The Australian Bureau of Statistics (ABS) occupation variables are coded using the Australian and New Zealand Standard Classification of Occupations (ANZSCO) Version 1.3 (ABS catalogue number 1220.0).

It should be noted that the titles used in ANZSCO Version 1.3 are intended to unambiguously convey the clearest possible idea of the nature of the particular occupation. However, in some instances, the same job titles are used by different industries to describe different occupations (e.g. business analyst). Nor are the titles used in ANZSCO Version 1.3 an exhaustive list of all titles used by people to describe an occupation (e.g. brickie, sparky, RN). Therefore, the ANZSCO Index of Principal Titles, Alternative Titles and Specialisations should not be used to code occupation information.

Responses to questions on occupation are coded using computer assisted coding (CAC) methodology which incorporates a purpose-built coding index containing numerous common descriptions of occupations (including vernacular terms). For more information on coding using CAC see Australia and New Zealand Standard Classification of Occupations (ANZSCO) Coder, 2013 (cat. no. 1220.0.30.001).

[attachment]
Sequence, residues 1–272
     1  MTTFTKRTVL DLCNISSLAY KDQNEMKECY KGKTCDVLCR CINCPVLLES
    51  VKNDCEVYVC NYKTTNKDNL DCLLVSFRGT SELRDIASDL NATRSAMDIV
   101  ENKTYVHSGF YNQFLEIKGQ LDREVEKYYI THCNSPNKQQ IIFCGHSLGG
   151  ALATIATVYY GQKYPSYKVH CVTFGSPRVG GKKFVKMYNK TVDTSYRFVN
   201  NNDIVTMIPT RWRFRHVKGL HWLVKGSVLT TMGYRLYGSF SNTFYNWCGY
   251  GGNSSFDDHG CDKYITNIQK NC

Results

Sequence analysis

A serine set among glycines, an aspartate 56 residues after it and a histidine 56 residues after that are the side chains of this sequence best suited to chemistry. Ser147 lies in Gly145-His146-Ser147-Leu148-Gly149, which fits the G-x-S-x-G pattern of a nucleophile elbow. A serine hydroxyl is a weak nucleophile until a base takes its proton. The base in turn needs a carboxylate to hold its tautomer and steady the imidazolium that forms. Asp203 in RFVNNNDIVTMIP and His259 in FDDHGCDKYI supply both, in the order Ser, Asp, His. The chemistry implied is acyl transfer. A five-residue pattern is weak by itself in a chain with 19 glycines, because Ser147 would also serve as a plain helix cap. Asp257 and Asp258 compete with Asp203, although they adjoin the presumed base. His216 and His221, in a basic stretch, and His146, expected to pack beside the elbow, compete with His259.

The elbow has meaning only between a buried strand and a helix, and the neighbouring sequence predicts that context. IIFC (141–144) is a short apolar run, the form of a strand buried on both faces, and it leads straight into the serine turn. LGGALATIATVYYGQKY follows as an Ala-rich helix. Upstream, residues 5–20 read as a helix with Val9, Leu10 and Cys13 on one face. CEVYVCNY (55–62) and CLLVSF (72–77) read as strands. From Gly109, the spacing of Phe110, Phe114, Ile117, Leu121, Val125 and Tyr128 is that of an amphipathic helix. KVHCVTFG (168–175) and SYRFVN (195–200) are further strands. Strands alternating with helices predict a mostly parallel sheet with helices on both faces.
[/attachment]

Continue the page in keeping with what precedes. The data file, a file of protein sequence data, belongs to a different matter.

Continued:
The ANZSCO Coder is available from the ABS (email standards@abs.gov.au).

Input categories

The standard input categories for collecting Occupation are the 6-digit categories in ANZSCO Version 1.3.

Coding indexes

Coding indexes have been developed to facilitate the coding of responses to the questions specified in 'Collecting the data' to the 6-digit level of ANZSCO Version 1.3 and are updated by the ABS on a regular basis. A master coding index is maintained by the Statistical Standards and Infrastructure section of the ABS to ensure consistency across all applications of the classification.

Presenting the data

Output categories

The hierarchical structure of the Australian and New Zealand Standard Classification of Occupations (ANZSCO) Version 1.3 allows users the flexibility to produce statistics at the level of the classification which best suits their information needs.

Requirements for data quality or respondent confidentiality may preclude output of data at the more detailed level of the classification. Under these circumstances, data can be aggregated and disseminated at the higher levels of ANZSCO Version 1.3. However, where practical, occupation data should be output at the most detailed level possible to meet the analytical needs of users of the data.

Glossary

Show all

ANZSCO

Australian and New Zealand Standard Classification of Occupations.

Field of knowledge required